Today’s Question: In the Post-Crop Vignetting controls for Lightroom Classic [and Adobe Camera Raw] there is a Highlights slider. When I adjust this slider nothing seems to happen. What is it supposed to do?
Tim’s Quick Answer: The Highlights slider for Post-Crop Vignetting in Lightroom Classic or Adobe Camera Raw enables you to have very bright areas such as the sun in the sky overpower the vignette effect for a more realistic result.
More Detail: The Post-Crop Vignetting effect is obviously intended to provide the ability to simulate a lens vignetting effect where the edges of the frame are a bit darkened. This is a rather common behavior for wide-angle lenses, for example. In addition, you can add a more creative border effect by using stronger adjustments for the vignette controls.
As long as you’ve selected either “Highlight Priority” or “Color Priority” from the Style popup, and you have used a negative value for the Amount slider to darken the edges of the photo, the Highlights slider will be available.
If the edges of the photo don’t have any very bright areas such as lights, reflections, or the sun in the frame, then you might not see any effect when increasing the value for Highlights. However, if there is a bright area near the edge, you can create a more realistic vignette effect by increasing the value for Highlights.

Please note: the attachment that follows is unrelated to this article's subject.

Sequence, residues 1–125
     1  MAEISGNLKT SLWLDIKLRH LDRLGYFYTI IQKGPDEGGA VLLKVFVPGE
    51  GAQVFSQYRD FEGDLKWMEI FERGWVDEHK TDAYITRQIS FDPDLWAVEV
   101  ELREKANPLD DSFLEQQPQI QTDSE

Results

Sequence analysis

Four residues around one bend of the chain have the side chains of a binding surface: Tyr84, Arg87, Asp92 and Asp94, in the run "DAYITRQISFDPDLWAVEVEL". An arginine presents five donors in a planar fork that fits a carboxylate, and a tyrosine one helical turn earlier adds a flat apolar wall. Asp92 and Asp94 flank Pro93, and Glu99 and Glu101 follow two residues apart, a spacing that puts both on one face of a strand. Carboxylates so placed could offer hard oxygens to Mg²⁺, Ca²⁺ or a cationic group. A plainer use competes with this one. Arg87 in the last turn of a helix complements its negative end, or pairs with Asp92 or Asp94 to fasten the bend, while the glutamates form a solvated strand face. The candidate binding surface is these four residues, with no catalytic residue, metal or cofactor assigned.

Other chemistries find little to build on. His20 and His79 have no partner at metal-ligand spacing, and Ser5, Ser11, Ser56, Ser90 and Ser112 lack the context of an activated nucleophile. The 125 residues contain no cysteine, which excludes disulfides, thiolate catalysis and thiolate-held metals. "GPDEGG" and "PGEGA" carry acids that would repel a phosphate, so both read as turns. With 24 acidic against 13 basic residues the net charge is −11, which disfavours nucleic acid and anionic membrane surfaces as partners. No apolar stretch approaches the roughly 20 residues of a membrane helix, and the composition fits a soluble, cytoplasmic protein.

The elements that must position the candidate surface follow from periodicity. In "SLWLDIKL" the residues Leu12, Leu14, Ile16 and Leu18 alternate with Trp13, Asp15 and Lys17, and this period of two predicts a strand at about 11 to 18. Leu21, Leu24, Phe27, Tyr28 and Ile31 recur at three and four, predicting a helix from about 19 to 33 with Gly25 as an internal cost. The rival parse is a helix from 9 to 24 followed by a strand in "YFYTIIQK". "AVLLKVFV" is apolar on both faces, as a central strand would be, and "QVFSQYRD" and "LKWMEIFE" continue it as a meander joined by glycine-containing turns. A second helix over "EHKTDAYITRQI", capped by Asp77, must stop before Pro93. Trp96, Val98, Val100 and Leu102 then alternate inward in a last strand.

For example, let’s assume you’re working on a photo with the sun in the corner of the frame. When you darken the edges of the image with the Post-Crop Vignetting controls the sun would also be dimmed down a little bit. As you increase the value for the Highlights slider, you’ll notice that the sun is “burning through” the vignette effect, overpowering the darkening in that area of the image.
By increasing the brightness for bright areas that had been darkened by the vignette, the result will look like a more natural effect. For example, when photographing a scene with a wide-angle lens that tends to produce a relatively strong vignetting effect, if you position the sun in the corner of the frame that very bright light source will overpower the vignette in that area of the frame.